The man approached Bragman's window and pointed his gun at her. ( Id. at 518.) Having just witnessed the man rob Koscik, Bragman knew what he wanted and had her money ready. ( Id. ) She placed about $2200 in his knapsack, and the man walked over to Corrado's window. ( Id. at 519.) The man then robbed Corrado in the same manner. ( Id. at 325-27, 519.)

At about 4:00 p.m., Shank witnessed two fearful-looking cashiers placing money in a robber's bag. ( Id. at 265-66.) He deduced that a robbery was in progress and ran towards the robber, who was walking toward the exit. ( Id. at 267.) Shank tackled the robber near the door and landed on top of him. ( Id. at 268-69.) As Shank stood and went to pick the man up off the floor, he heard a shot. ( Id. ) He felt a burning sensation in his stomach, realized he had been shot, and fell to the ground. ( Id. ) The robber then ran out of an emergency exit door. ( Id. at 270.) Bragman called the police after witnessing Shank tackle the man and hearing a gunshot. ( Id. at 520.) The police arrived a few minutes later and began securing the crime scene. ( Id. at 358.) Shank was airlifted to a hospital, where he underwent surgery to repair his bulletdamaged liver. ( Id. at 272-73.)

At around 7:15 p.m., Detective Patrick Carroll ("Detective Carroll") entered the OTB and observed a pool of blood on the floor, a bullet hole in a wood partition, and a bullet lying on the floor. ( Id. at 302-05.) The bullet was a damaged lead fragment from a revolver which was deformed from either going through or hitting a hard object. ( Id. at 311-12.) In the OTB parking lot, Detective Carroll found a dark-colored baseball cap with an Abercrombie and Fitch logo. ( Id. at 310.) When presented with the baseball cap in court, neither Shank nor Abraham could positively identify the cap as the one worn by the OTB robber. ( Id. at 263, 351.)

2. Mobil Station Attempted Robbery and Shooting

The second incident occurred on February 26, 2001, at the Mobil Gas Station at 710 Fulton Avenue in Hempstead. ( Id. at 427-30.) At about 10:20 a.m., Liquat Ali ("Ali") was at work pumping gas while Harbans Bharaj Sr., ("Bharaj Sr."), the gas station owner, and Harbans Bharaj Jr. ("Bharaj Jr."), his son, were counting money inside the office. ( Id. at 427-29, 390.) When Ali opened the door to walk inside the station, a man grabbed him by his shirt from behind. ( Id. at 429.) The man held a silver revolver to Ali's shoulder and demanded that Ali go in the station and give him "whatever was inside." ( Id. at 429-31.) The man was of average size, about 5'9" or 5'10, " and had fair skin. ( Id. at 392, 431.) He was wearing a dark ski hat pulled over his face with an opening that revealed his eyes, nose and lips. ( Id. at 431-32, 486, 392-94.) He was also wearing a black and red plaid shirt and cut-off gloves that revealed his fingers. ( Id. at 431, 486.) Ali identified petitioner as this man. ( Id. at 434-35.)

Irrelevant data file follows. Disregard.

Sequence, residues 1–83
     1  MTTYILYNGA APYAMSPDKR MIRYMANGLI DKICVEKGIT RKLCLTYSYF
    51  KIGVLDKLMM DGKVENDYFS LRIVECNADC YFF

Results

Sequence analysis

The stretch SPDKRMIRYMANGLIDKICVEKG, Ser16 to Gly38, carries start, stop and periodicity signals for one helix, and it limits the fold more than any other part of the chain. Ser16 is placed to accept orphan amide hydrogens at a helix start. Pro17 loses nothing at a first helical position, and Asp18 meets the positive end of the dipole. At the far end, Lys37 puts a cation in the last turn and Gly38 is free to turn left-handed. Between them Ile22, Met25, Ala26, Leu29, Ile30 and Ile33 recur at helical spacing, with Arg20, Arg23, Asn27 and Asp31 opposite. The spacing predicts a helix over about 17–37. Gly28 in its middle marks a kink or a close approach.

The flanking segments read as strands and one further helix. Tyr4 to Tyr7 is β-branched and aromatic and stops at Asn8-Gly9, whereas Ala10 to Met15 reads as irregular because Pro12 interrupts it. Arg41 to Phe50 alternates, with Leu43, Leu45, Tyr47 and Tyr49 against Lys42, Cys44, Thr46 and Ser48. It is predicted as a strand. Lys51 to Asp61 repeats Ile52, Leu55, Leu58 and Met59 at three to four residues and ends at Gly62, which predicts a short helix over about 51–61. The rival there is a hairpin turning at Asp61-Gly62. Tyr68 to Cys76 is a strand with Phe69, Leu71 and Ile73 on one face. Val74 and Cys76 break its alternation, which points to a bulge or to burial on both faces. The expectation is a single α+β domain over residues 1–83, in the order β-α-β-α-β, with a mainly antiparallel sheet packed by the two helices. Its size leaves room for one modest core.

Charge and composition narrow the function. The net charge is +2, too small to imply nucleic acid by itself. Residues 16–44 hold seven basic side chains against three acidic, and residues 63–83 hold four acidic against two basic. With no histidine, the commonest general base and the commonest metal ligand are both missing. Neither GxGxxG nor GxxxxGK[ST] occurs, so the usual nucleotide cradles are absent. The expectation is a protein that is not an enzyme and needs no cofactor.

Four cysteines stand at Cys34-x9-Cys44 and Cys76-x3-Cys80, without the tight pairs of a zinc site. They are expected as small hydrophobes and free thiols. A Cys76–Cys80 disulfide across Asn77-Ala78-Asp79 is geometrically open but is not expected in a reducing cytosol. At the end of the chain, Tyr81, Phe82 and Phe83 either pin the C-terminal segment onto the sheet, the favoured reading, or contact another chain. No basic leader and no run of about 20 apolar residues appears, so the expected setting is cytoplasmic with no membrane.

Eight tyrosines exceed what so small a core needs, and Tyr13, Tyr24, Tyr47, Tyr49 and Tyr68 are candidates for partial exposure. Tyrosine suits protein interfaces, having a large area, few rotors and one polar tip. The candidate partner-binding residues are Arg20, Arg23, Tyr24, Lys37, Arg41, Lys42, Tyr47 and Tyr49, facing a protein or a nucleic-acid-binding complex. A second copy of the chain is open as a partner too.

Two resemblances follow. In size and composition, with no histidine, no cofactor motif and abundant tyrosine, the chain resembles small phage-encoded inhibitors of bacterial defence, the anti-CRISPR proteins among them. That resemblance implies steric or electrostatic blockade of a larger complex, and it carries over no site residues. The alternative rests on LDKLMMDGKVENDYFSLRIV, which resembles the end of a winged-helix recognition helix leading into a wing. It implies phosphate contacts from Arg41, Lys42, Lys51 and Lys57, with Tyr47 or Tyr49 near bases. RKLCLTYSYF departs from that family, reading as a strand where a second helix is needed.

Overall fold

Ali had seen petitioner at the Mobil on four or five different occasions about two weeks before the incident. ( Id. at 436-37.) On two of these occasions, petitioner gave Ali an Exxon credit card and told him to swipe the card and give him $20 in cash instead of pumping gas. ( Id. at 437.) On both of these occasions, petitioner never received any money for his attempted transactions because his credit card was not approved. ( Id. ) On another occasion, petitioner came to the gas station and asked customers if he could use his credit card to pay for their gas in exchange for cash. ( Id. )

On multiple visits to the Mobil, Ali had observed petitioner driving a large white pickup truck with blue lettering, and later identified a photograph of the truck. ( Id. at 437-38.)